Unlike some retail flooring professionals, I didn’t start out with any close connections to flooring or the industry. Born in Senegal and later growing up in France, however, I have always been inspired by diversity and different cultures and felt naturally drawn toward design. As I grew into a young woman, I refused to stay with the familiar and the safe. I loved my life in France, but I always wondered: What else awaits me? This mentality has pushed me to take risks that have helped me build a successful wood floor retail business in the U.S. and incorporate a global-lens approach. Here’s my story of how taking risks and drawing inspiration from my own background helped me stand out among the crowd.
Developing a reputation in the industry
I started my American dream as an au pair but eventually followed my fascination with color, texture and shape by deciding to pursue a career in graphic design. Three years later, after completing my graphic design degree, I began an internship at the San Francisco Design Center, where I was first introduced to the business of hardwood flooring through Golden State Flooring. I thought I would be designing—instead, I was learning about wood species, Janka hardness and more. When my internship ended, I was fortunate to find a very fulfilling job with another hardwood floor company in Emeryville, Calif. There, under the mentorship of a wonderful group of seasoned professionals, I learned the tricks of the trade. Perhaps most importantly, along the way I had also developed a reputation of someone who is trustworthy, reliable, gets the job done and, above all, someone who is always attentive to my clients’ needs. To me, helping clients select the flooring is really the best part, and the fun part, and why I was drawn to the retail flooring segment of the industry.
Pushing myself out of my comfort zone
Creating my own hardwood flooring and a design studio flooring library had long been a secret dream of mine, but after having a second child in 2010, I felt hesitant to take the plunge. Maybe it was too risky to leave the guarantees and comfort of a good paying job?
I spent many months wondering if I was cut out for being an entrepreneur. Can a woman born in Senegal and raised in France really succeed in this industry almost exclusively dominated by men? Will I be able to find a place of my own? The challenge was daunting. But my will to succeed and to not back down finally prevailed. After my maternity leave, I went for it at last: I replaced the comfort of a big desk in an established firm with ... the worn leather seat of my Mazda 3. I logged hundreds of miles per week in the Bay Area, driving in search of my new prospective clients. I held onto my American dream with all my might. And slowly but surely, I began to establish a foothold, and, after a lot of hard work, my business took off.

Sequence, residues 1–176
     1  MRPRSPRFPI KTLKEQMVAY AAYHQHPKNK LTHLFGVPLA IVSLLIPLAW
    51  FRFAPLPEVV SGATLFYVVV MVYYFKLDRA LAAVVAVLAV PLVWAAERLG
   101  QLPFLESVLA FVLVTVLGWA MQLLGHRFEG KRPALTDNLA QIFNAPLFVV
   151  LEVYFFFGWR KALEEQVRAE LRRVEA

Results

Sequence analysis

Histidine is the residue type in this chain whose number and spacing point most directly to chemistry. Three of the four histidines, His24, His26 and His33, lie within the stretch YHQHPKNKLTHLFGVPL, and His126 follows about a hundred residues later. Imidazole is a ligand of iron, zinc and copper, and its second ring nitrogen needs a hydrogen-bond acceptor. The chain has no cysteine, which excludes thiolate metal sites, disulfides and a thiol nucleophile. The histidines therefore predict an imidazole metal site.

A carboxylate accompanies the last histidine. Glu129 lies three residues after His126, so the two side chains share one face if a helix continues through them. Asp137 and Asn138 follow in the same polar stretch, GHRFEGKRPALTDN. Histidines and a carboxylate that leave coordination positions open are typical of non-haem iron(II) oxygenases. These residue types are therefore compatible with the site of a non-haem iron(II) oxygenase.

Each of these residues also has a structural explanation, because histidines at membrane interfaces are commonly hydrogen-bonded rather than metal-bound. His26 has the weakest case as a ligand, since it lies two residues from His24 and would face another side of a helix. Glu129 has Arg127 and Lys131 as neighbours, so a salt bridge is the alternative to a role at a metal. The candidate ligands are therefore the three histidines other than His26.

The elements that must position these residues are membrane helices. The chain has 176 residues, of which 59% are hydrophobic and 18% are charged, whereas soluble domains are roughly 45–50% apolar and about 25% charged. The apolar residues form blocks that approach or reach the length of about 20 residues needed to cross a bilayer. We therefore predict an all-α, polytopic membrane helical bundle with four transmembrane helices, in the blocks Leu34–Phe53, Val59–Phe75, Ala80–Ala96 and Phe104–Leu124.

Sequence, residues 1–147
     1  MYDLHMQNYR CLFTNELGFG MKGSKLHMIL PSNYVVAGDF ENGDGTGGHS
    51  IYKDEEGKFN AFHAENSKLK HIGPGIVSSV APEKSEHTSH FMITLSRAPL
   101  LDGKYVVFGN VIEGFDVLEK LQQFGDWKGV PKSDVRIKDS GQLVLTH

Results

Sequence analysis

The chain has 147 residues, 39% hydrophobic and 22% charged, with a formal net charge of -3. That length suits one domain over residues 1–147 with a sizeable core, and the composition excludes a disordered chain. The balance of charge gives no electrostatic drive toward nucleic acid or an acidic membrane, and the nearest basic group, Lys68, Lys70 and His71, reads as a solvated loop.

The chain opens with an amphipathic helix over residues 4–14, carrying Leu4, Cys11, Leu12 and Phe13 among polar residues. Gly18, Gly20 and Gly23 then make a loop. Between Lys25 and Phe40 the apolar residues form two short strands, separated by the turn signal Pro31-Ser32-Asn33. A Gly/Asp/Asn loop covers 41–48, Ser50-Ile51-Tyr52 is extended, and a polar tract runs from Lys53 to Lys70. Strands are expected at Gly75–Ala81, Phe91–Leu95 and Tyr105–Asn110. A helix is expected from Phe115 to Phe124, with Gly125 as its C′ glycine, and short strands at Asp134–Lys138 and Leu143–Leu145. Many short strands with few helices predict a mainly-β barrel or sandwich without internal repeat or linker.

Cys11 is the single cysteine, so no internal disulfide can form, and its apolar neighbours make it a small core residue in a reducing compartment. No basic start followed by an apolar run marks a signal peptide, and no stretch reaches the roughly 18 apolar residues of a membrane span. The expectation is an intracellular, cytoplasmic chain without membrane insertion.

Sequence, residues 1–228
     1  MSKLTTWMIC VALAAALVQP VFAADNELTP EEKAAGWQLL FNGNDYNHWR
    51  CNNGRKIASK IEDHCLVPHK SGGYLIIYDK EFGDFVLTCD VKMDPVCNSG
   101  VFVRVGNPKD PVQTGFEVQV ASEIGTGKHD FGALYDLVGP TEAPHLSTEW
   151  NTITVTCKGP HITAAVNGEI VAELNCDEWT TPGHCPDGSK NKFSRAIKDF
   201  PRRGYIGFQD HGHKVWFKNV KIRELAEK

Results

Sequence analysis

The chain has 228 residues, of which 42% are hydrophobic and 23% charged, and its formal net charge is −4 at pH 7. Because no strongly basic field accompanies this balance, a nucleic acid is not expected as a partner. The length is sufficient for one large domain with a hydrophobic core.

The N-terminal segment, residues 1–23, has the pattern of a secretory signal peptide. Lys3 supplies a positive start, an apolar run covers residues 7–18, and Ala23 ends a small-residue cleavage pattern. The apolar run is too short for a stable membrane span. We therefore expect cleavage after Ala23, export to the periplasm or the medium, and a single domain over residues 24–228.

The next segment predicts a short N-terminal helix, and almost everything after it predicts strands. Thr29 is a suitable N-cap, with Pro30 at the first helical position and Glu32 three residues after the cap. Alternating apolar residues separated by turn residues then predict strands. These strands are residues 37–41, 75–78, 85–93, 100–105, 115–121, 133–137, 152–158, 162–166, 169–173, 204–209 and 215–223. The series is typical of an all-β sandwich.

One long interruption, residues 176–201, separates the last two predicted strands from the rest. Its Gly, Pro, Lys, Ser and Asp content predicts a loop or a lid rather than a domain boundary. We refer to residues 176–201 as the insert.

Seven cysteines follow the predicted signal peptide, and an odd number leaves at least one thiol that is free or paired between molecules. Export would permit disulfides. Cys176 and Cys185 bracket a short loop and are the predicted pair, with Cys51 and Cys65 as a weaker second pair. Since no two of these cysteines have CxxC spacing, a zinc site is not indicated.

Leaning on my own experiences for design
When I was still working for another company, I went through a phase of loving patina. It was my favorite style of hardwood flooring. But when I would place an order, sometimes it would take more than eight weeks to show up. I was getting frustrated and finally I said, “Why don’t we make it our own?” I learned the process of creating custom flooring and later developed my first line, “The Warm Colors of Africa,” inspired by all the colors we have in Gorée Island in my picturesque home country of Senegal. My next collection, “Normandie,” was inspired by some of the mothers in my life. Bringing in colors and styles that are personal and unique to you can help spark your creativity and make you stand out in a crowded field.
Establishing a trustworthy sounding board
Being a solopreneur can be difficult. I think that when you’re on your own, you always tend to kind of lay back and get comfortable. In order to keep myself moving forward and accountable, I joined Business Networking International, a networking group for small business owners like me. Because it is a small networking group, I’m motivated to always do my best. People come together one morning a week and we talk about our successes and failures and run ideas by one another. I’ve always been the kind of person to follow my own path, but I believe every business owner should establish a sound board of some sort to make sure they’re always improving.
Setting big goals for the future
I am proud of what I have achieved so far, but I also know that my adventure is far from over. My goal is to continue to bring together my experiences, my background, and my appetite to learn more about wood, with my desire to travel to different markets and visit manufacturers worldwide. I want to make this adventure a global one, recognizing borders but reaching across them, too, so that I can keep evolving and ultimately make more customers happy. Taking big leaps and learning from my past experiences has created a great roadmap toward achieving this so far.